2009 Edition Chapter 9C. Markings
01 Markings indicate the separation of the lanes for road users, assist the bicyclist by indicating assigned travel paths, indicate correct position for traffic control signal actuation, and provide advance information for turning and crossing maneuvers.
01 Bikeway design guides (see Section 9A.05) should be used when designing markings for bicycle facilities.
03 Pavement marking word messages, symbols, and/or arrows should be used in bikeways where appropriate. Consideration should be given to selecting pavement marking materials that will minimize loss of traction for bicycles under wet conditions.
Figure 9C-1 Example of Intersection Pavement Markings—Designated Bicycle Lane with Left-Turn Area, Heavy Turn Volumes, Parking, One-Way Traffic, or Divided Highway
01 Where shared-use paths are of sufficient width to designate two minimum width lanes, a solid yellow line may be used to separate the two directions of travel where passing is not permitted, and a broken yellow line may be used where passing is permitted (see Figure 9C-2).
Figure 9C-2 Examples of Center Line Markings for Shared-Use Paths
03 If conditions make it desirable to separate two directions of travel on shared-use paths at particular locations, a solid yellow line should be used to indicate no passing and no traveling to the left of the line.
04 Markings as shown in Figure 9C-2 should be used at the location of obstructions in the center of the path, including vertical elements intended to physically prevent unauthorized motor vehicles from entering the path.
05 A solid white line may be used on shared-use paths to separate different types of users. The R9-7 sign (see Section 9B.12) may be used to supplement the solid white line.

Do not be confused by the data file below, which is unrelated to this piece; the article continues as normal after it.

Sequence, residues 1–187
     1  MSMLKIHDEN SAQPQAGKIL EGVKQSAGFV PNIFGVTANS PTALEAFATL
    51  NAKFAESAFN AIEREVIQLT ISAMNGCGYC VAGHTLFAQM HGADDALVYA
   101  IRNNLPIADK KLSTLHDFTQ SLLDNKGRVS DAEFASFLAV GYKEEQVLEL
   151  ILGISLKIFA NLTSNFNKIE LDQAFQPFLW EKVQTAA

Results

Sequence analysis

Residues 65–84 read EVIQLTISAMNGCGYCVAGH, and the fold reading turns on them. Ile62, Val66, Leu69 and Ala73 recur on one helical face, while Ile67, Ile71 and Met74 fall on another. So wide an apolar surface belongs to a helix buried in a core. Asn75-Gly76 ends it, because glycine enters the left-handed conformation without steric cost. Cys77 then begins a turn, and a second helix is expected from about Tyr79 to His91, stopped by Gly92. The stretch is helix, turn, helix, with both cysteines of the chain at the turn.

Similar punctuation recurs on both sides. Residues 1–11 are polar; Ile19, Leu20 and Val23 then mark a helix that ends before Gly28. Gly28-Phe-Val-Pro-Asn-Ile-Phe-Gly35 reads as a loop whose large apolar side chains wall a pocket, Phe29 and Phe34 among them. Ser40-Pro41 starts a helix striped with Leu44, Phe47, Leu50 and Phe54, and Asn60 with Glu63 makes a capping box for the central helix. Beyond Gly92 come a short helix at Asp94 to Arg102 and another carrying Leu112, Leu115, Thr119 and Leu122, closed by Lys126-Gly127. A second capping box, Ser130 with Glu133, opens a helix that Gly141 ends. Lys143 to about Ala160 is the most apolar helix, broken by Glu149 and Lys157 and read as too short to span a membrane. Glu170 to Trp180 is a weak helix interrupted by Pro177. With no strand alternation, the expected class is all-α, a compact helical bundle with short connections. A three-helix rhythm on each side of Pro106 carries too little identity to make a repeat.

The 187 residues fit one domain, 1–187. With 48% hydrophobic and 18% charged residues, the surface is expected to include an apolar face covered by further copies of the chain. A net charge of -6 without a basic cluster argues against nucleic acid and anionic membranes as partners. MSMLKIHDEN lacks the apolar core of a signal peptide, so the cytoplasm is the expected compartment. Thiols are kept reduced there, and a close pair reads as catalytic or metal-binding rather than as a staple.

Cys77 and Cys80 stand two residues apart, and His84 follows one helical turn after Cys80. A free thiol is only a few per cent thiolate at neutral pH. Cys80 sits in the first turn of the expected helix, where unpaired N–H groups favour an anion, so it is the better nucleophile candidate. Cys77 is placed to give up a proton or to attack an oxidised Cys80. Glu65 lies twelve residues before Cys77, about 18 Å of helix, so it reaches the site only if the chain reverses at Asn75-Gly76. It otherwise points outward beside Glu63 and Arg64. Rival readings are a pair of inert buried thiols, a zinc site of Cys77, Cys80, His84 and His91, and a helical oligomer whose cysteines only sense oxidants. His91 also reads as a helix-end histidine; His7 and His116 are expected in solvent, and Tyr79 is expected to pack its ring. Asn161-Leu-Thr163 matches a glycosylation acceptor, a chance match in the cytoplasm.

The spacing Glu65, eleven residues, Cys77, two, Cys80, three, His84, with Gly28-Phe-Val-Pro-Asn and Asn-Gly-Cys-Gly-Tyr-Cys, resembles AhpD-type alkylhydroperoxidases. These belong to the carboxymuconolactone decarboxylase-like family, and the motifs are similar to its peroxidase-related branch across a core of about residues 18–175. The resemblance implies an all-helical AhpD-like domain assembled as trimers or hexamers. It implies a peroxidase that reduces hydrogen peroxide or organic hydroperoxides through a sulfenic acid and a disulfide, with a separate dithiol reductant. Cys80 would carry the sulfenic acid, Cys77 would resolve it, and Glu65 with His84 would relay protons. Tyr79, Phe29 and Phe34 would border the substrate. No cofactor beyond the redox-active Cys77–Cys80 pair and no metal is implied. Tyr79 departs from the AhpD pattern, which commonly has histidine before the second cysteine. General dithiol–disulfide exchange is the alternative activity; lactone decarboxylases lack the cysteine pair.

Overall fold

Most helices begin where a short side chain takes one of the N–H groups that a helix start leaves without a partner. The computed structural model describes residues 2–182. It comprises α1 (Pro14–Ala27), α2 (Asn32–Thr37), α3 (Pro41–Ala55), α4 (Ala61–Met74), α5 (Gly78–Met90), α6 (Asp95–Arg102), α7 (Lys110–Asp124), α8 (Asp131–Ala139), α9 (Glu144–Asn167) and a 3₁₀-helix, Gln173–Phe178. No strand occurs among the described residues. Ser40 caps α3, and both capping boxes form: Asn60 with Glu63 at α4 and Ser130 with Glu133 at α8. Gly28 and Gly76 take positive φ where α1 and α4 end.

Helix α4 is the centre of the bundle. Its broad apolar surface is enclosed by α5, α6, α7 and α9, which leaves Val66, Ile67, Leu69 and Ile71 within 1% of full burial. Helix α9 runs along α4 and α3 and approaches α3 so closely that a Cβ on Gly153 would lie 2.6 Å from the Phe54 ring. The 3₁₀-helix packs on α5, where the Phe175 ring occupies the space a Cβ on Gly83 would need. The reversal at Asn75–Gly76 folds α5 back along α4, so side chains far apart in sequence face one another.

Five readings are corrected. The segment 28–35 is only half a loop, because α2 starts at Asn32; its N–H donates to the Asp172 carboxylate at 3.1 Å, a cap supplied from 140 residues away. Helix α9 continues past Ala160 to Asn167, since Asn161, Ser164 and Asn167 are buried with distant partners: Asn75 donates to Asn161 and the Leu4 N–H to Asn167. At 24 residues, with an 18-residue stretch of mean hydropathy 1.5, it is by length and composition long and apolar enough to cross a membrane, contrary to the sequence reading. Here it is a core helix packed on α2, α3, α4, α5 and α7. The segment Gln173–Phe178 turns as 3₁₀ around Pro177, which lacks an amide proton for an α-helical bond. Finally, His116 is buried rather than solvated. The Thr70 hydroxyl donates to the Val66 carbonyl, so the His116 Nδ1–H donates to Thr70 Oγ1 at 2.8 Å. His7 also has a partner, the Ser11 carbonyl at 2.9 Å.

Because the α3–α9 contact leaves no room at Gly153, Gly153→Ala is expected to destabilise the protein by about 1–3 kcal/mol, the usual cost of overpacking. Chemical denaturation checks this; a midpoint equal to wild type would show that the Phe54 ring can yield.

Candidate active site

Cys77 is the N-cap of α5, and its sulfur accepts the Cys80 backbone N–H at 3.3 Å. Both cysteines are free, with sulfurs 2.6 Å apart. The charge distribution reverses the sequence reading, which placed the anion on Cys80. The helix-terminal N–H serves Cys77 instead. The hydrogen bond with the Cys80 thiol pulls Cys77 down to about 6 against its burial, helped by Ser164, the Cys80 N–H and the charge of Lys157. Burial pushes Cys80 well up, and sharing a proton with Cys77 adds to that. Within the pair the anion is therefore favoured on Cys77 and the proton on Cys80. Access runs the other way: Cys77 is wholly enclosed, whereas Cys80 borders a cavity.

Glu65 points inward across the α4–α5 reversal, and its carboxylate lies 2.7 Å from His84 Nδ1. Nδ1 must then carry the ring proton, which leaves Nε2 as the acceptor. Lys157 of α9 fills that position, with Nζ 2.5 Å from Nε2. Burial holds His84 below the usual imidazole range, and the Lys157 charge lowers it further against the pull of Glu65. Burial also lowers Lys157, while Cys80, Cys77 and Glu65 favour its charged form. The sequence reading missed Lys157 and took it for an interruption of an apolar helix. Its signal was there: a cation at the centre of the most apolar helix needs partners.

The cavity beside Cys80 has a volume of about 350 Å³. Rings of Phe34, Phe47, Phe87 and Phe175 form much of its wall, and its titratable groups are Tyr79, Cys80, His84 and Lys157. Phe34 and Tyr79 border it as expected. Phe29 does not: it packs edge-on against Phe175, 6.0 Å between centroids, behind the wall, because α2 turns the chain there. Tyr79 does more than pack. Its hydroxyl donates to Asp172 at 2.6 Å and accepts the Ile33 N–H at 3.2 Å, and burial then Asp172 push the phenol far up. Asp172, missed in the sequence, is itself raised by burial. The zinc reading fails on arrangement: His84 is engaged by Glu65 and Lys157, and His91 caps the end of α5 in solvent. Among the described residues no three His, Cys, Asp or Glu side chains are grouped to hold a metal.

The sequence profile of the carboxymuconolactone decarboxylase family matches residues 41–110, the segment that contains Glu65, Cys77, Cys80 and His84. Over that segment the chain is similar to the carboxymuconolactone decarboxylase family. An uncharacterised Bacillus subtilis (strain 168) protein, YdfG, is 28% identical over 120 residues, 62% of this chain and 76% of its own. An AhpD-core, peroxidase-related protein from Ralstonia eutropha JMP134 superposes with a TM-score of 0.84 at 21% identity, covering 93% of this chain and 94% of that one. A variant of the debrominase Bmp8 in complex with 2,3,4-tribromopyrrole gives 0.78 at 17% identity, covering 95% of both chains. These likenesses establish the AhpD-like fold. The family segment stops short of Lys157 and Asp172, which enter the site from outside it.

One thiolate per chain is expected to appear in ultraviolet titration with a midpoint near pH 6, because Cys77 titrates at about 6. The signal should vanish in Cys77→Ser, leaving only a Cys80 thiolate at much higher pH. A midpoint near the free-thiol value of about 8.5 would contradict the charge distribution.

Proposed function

06 Smaller size letters and symbols may be used on shared-use paths. Where arrows are needed on shared-use paths, half-size layouts of the arrows may be used (see Section 3B.20).
03 If used, bicycle lane word, symbol, and/or arrow markings (see Figure 9C-3) should be placed at the beginning of a bicycle lane and at periodic intervals along the bicycle lane based on engineering judgment.
Figure 9C-3 Word, Symbol, and Arrow Pavement Markings for Bicycle Lanes
05 If the word, symbol, and/or arrow pavement markings shown in Figure 9C-3 are used, Bike Lane signs (see Section 9B.04) may also be used, but to avoid overuse of the signs not necessarily adjacent to every set of pavement markings.
07 A bicyclist continuing straight through an intersection from the right of a right-turn lane or from the left of a left-turn lane would be inconsistent with normal traffic behavior and would violate the expectations of right- or left-turning motorists.
08 When the right through lane is dropped to become a right turn only lane, the bicycle lane markings should stop at least 100 feet before the beginning of the right-turn lane. Through bicycle lane markings should resume to the left of the right turn only lane.
09 An optional through-right turn lane next to a right turn only lane should not be used where there is a through bicycle lane. If a capacity analysis indicates the need for an optional through-right turn lane, the bicycle lane should be discontinued at the intersection approach.